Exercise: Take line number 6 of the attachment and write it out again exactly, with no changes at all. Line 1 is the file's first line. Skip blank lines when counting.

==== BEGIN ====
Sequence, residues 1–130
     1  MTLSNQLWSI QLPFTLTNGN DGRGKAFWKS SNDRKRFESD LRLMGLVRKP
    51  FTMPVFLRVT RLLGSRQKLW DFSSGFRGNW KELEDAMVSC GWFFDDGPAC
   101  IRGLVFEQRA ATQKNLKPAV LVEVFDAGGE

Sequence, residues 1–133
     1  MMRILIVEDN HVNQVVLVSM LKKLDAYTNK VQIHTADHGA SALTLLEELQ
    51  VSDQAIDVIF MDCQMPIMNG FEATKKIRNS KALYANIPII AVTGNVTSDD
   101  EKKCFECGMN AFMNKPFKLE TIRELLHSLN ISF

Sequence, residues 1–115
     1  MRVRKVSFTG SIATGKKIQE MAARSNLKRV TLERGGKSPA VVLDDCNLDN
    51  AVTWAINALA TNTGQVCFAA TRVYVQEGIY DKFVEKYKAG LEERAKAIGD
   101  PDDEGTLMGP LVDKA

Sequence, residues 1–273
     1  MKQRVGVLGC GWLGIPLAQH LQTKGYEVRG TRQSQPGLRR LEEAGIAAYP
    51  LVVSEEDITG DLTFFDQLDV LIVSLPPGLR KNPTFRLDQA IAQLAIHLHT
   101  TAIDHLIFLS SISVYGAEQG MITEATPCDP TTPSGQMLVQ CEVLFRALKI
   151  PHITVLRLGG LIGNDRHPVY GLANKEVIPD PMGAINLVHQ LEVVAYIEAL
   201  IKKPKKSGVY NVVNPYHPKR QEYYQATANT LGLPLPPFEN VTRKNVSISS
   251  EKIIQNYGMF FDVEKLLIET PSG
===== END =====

     1  MMRILIVEDN HVNQVVLVSM LKKLDAYTNK VQIHTADHGA SALTLLEELQ